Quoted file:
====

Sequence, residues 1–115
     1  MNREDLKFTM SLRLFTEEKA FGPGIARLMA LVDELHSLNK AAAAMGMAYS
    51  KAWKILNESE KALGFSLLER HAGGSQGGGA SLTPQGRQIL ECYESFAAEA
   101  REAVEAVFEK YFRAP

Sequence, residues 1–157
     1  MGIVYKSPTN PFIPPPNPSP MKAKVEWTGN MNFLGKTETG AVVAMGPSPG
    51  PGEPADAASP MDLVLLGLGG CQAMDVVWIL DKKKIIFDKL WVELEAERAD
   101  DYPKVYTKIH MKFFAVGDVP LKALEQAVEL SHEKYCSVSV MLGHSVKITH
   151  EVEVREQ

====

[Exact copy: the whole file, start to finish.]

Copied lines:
Sequence, residues 1–115
     1  MNREDLKFTM SLRLFTEEKA FGPGIARLMA LVDELHSLNK AAAAMGMAYS
    51  KAWKILNESE KALGFSLLER HAGGSQGGGA SLTPQGRQIL ECYESFAAEA
   101  REAVEAVFEK YFRAP

Sequence, residues 1–157
     1  MGIVYKSPTN PFIPPPNPSP MKAKVEWTGN MNFLGKTETG AVVAMGPSPG
    51  PGEPADAASP MDLVLLGLGG CQAMDVVWIL DKKKIIFDKL WVELEAERAD
   101  DYPKVYTKIH MKFFAVGDVP LKALEQAVEL SHEKYCSVSV MLGHSVKITH
   151  EVEVREQ